These gave me the notion that some features, such as “contentId” and “authorSessionId” were poorly correlated (value ~ zero) with Virality (the dependent variable), so I excluded from the analysis. “contentId” is for bookkeeping, so it would not be a good predictor anyway. “authorSessionId” would only be useful if there were certain authors that were significantly prolific with creating viral content. For this data set, it appears that is not the case. The heat maps reinforced the fact that the Virality equation variables would be the most important to consider since they are somewhat correlated with Virality. Some of these variables are highly correlated with each other (follows and comments; likes and views), which is not ideal. When independent variables are highly correlated with each other, they are not really independent. Since they are not all correlated with each other, we can still get a useful signal out of the regression model.
Finally, I made sure to scale the data to make sure that the model would be computed as quickly and efficiently as possible.
Because I wanted a quick exploration of the data, I choose regression models that could generate decent results immediately: a neural network regression and random forest regression models. These algorithms tend to be good for initial exploration of new data. Between the two, I would settle for random forest for now, because it is faster to train and performs better. Later on, neural networks have more potential to improve with more data point.
For neural networks, the upward trend of performance indicates that more data points would greatly improve the performance. It has a high-bias and low-variance in performance between training data and validation data. Its generalization accuracy sits around 68% on average.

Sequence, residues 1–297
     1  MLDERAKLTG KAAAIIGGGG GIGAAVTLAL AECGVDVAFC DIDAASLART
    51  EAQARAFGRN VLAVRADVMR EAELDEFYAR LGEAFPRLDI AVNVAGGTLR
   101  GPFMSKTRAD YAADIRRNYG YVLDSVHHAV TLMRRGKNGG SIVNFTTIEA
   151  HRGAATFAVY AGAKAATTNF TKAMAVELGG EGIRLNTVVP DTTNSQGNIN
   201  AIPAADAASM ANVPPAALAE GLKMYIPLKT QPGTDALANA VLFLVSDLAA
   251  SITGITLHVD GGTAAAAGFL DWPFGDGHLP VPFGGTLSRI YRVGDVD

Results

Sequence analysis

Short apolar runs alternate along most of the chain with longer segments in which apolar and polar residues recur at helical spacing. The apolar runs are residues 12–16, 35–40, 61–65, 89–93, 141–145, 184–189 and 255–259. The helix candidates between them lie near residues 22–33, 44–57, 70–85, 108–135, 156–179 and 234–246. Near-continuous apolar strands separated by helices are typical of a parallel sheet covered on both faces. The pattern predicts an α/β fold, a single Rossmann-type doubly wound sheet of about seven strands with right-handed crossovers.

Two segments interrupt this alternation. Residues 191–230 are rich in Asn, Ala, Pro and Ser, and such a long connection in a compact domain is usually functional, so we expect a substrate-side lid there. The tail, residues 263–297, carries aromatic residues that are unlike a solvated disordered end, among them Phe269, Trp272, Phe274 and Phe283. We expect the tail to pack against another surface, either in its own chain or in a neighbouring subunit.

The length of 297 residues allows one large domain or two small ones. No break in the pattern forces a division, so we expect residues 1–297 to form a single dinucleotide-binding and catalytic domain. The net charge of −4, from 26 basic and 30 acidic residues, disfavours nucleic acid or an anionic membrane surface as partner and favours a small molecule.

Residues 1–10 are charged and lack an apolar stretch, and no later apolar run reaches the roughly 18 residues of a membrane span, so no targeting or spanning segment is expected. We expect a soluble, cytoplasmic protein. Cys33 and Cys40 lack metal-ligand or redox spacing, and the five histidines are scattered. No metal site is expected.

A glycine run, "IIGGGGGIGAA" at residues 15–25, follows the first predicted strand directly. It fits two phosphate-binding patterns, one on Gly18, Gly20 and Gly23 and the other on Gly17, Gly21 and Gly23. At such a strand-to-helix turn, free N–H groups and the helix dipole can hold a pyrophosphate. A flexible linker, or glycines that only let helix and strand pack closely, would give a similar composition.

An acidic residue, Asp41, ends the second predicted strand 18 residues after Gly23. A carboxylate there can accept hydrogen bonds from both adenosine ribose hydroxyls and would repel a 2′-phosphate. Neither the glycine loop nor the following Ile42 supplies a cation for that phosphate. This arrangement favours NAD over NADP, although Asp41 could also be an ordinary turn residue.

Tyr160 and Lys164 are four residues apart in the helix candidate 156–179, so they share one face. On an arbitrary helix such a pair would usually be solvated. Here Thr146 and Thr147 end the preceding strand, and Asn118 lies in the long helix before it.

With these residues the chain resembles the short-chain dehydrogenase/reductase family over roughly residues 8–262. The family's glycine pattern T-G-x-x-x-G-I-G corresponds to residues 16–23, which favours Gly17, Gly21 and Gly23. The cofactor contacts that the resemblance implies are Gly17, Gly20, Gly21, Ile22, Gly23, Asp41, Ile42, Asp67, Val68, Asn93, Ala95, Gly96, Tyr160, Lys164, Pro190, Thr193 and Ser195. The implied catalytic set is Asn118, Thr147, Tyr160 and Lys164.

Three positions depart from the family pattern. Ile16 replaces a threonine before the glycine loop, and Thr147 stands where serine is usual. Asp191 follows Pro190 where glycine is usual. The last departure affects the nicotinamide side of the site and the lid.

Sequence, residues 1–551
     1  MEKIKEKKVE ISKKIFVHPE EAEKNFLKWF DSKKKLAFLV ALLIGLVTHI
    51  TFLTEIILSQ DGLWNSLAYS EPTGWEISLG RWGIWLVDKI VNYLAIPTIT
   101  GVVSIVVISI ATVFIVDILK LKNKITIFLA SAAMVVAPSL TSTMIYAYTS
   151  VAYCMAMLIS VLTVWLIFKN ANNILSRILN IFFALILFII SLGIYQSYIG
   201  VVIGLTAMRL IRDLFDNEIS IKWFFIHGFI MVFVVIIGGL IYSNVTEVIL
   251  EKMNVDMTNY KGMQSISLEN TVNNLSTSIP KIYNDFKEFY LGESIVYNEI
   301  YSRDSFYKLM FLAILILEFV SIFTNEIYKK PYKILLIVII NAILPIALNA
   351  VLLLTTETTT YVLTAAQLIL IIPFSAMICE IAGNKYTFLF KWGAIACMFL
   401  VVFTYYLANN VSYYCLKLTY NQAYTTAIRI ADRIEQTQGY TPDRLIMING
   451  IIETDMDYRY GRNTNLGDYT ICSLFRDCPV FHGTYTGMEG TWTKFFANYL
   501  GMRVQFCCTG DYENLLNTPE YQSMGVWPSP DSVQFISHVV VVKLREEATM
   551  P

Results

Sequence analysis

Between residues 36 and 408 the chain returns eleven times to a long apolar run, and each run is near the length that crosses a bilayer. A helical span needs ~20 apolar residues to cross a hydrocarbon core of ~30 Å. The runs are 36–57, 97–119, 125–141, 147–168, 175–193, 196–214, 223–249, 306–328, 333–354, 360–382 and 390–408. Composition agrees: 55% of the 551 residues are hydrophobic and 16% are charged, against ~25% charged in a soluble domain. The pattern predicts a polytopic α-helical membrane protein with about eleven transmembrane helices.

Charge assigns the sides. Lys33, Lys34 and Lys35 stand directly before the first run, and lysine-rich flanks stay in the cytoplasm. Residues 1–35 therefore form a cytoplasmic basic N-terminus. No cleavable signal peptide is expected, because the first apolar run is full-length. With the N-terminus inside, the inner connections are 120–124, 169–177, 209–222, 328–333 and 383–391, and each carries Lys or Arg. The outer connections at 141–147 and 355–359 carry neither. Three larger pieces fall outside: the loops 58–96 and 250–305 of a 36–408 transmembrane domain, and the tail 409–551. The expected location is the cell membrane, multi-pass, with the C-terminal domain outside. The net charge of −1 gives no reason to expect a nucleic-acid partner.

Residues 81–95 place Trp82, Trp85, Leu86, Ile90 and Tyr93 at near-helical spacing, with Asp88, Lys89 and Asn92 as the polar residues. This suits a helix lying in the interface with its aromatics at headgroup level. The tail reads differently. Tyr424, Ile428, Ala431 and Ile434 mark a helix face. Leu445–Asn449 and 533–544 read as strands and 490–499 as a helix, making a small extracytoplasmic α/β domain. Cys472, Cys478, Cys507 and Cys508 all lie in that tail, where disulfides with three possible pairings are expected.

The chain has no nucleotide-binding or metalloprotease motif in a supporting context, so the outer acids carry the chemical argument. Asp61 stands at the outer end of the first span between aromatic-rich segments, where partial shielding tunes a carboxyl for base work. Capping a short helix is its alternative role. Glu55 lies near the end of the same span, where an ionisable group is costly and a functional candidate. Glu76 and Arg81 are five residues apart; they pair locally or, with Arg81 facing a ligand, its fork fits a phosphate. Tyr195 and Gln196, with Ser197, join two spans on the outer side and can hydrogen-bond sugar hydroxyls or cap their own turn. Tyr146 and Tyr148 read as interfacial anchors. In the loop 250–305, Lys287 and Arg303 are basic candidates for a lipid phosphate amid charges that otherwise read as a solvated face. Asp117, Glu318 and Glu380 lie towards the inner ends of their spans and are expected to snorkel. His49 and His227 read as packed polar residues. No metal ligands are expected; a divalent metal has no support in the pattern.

For random forest, more data points would not improve the model since the performance gains have already flattened with the existing data. It is showing lower-bias and higher-variance performance compared to neural networks. Generalization accuracy sits around 91-92%.
Fit time graphs show that random forest is faster to train.
Features to Explore in the Future
In the future, it would be very beneficial to apply time series learning algorithms and NLP algorithms to this type of data set. Time is a very key component in content becoming viral, and the data already contains elements of time in it. NLP would help to generate more signals for predicting virality.
Preparing for Production
I would like to spend more time tuning the hyperparameters of each model, especially neural networks because the upward trend of performance indicates that there potential to be mined. I could even develop a grid search procedure for this. Exploring other models is also not a bad idea.
I like to look at the data pipeline as well and look for ways to decrease and eliminate the problem of missing/NaN/null data. I would like to restore some of the features that were eliminated due to this problem so that there is more opportunity for data exploration. I would also like to look for new features that could be captured that would be useful for predicting virality.
It would also be important to make sure that the model can be updated regularly with new data generated every day. That means making sure that the infrastructure and software is in place to keep the data pipelines robust and tidy. It also means creating scripts/operations to update the model.